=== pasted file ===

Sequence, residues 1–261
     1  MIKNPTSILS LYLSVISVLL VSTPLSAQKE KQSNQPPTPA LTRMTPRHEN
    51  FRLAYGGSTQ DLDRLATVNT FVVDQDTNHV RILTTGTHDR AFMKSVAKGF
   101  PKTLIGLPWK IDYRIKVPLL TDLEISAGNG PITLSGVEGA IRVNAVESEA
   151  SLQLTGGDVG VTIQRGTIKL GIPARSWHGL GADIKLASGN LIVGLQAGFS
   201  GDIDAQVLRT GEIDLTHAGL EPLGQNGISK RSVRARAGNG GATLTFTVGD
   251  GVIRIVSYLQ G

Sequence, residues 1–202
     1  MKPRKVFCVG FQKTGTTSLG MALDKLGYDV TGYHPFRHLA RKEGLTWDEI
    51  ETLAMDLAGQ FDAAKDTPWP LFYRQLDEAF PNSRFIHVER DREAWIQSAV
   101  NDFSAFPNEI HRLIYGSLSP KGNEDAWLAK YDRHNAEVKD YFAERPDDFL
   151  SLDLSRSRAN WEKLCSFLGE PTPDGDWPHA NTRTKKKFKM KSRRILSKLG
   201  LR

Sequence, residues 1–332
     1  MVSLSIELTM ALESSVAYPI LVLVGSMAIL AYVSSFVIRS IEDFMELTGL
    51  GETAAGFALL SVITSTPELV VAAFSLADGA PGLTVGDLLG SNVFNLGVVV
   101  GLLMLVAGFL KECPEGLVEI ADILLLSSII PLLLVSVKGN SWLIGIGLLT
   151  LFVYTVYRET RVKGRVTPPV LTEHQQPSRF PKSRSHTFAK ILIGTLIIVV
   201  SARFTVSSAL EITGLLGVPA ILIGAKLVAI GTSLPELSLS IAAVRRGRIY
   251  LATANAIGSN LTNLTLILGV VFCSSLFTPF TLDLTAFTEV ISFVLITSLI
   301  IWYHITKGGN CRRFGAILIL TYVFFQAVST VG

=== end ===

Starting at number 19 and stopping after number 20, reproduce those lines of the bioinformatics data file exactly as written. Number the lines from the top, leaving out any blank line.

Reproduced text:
   201  SARFTVSSAL EITGLLGVPA ILIGAKLVAI GTSLPELSLS IAAVRRGRIY
   251  LATANAIGSN LTNLTLILGV VFCSSLFTPF TLDLTAFTEV ISFVLITSLI